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Ocean Freight Supply Chains

Ocean Freight Supply Chains Less Secured This Year

The 4th yearly Safety & Shipping Review for 2016 by the Allianz Global Corporate and Specialty, AGCS, that studies shipping losses over hundred gross tons, said that the losses in shipping services are still on the long-term downtrend with 85 losses totally reported globally in the year 2015.

Though there was a stability in the loss figures, falling only by 3% in comparison to previous year’s figure of 88, yet 2015 remained the most secure and safest year for shipping in the last decade. Losses had a 45% decline since the year 2006, a result of a continuously growing robust secure environment.

Fishing and cargo vessels gave an account of 60% or more ships lost all over the world, with cargo freight losses rising for the very 1st time in last three years. A primary cause for the losses is sinking/foundering, which accounts for around 75% of the total losses, often because of bad weather conditions.

The report made other observations like regional comparisons, cyber risk, ship sinking by superstorms, salvage issues and economic observations, as described below:

It said that in 2015, there were 2,687 reported incidents of cargo shipping, 4% down. Out of all the losses for the year 2015, more than one quarter took place in Indochina, South China, Philippines and Indonesia with 22 ships. The losses increased YOY, unlike other important regions. Two losses were reported from North America’s west coast and the United States eastern seaboard, each, for the year 2015.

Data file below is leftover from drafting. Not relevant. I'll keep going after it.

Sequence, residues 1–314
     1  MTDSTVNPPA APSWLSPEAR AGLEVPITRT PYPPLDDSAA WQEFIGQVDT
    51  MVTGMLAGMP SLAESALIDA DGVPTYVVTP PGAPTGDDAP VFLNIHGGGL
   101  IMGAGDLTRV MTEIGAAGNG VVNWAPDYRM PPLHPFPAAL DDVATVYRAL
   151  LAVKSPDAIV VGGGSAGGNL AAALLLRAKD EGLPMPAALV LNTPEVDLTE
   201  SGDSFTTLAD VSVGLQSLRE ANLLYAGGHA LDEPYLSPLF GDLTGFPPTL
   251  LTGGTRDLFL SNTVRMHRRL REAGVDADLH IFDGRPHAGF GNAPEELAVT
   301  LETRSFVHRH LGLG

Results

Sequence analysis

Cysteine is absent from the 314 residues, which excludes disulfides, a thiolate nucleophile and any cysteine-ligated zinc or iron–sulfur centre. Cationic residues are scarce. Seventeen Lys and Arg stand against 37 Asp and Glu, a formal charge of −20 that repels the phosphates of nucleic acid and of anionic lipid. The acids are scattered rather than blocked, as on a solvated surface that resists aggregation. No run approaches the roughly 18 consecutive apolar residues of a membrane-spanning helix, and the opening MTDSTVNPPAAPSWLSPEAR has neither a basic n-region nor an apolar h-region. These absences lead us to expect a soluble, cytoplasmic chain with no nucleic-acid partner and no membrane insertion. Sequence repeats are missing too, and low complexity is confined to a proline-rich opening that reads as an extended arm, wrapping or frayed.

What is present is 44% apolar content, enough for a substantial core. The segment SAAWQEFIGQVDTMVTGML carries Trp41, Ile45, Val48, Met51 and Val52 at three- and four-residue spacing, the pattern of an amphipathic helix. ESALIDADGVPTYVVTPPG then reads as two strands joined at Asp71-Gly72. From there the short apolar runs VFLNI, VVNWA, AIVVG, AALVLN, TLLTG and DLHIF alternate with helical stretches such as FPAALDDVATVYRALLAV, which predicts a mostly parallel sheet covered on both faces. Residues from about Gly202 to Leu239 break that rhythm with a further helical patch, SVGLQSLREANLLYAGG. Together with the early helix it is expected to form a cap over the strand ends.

Elaborating upon cyber threat, the report said that risks occur as the freight shipping world and industry is dependent upon interconnected technology. No. of cyber incidents as well as technological advances have occurred, so the industry possibly does not have many years to be ready for vessel loss risks. In 2015, like never before in 5 years, privacy attacks did not decline. South-East Asian attacks increased as they accounted for 60% incidents of all, while piracy attacks taking place in Vietnam increased YOY.

Moreover, the report said, risks and disruptions for supply chains are on an increase with the exceptional events of the weather becoming common. This year, extreme conditions of the weather will increase most likely under the El Nino’s effect. In the previous year, bad weather condition was a reason behind 3 vessels of the 5 largest ones lost, including El Faro.

The Worldwide Product Leader Marine & Hull Liabilities for AGCS, Sven Gerhard said that cargo ships sinking due to superstorms is concerning, adding that they are seeing heavier disastrous events and thus weather routing is an important component for a safe navigation and travel of vessels.

The report, talking about salvage issues of “mega ships”, said that in the last decade, with the increase in appetite for larger shipping containers, the freight-carrying capacity for large vessels also rose by 70% to more than 19,000 containers. In February this year, 2 “mega ships”, APL Vanda and the CSCL Indian Ocean were grounded, which raised questions regarding serious incidents.

The report added that the downtrend has also been affected by the weak market conditions and economy and low commodity prices. Many sectors including the general cargo freight, offshore and bulk, are challenged already and any fall in standards of safety will be a concerning case, said Captain Rahul Khanna, Worldwide Head, Marine Risk Consulting department of AGCS.